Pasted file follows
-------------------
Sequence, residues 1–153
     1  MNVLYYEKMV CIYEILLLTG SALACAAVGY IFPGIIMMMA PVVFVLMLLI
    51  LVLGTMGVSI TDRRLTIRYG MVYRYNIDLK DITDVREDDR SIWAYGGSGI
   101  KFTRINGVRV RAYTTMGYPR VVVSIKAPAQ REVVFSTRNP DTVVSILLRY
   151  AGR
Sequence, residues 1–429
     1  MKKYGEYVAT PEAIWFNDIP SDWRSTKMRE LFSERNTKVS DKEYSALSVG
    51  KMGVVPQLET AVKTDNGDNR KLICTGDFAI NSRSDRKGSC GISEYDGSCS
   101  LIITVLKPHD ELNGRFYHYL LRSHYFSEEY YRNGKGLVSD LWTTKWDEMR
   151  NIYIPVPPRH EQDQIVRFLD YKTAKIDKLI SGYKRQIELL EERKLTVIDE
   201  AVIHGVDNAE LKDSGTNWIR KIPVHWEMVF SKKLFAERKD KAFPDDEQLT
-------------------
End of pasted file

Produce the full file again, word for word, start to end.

Sequence, residues 1–153
     1  MNVLYYEKMV CIYEILLLTG SALACAAVGY IFPGIIMMMA PVVFVLMLLI
    51  LVLGTMGVSI TDRRLTIRYG MVYRYNIDLK DITDVREDDR SIWAYGGSGI
   101  KFTRINGVRV RAYTTMGYPR VVVSIKAPAQ REVVFSTRNP DTVVSILLRY
   151  AGR
Sequence, residues 1–429
     1  MKKYGEYVAT PEAIWFNDIP SDWRSTKMRE LFSERNTKVS DKEYSALSVG
    51  KMGVVPQLET AVKTDNGDNR KLICTGDFAI NSRSDRKGSC GISEYDGSCS
   101  LIITVLKPHD ELNGRFYHYL LRSHYFSEEY YRNGKGLVSD LWTTKWDEMR
   151  NIYIPVPPRH EQDQIVRFLD YKTAKIDKLI SGYKRQIELL EERKLTVIDE
   201  AVIHGVDNAE LKDSGTNWIR KIPVHWEMVF SKKLFAERKD KAFPDDEQLT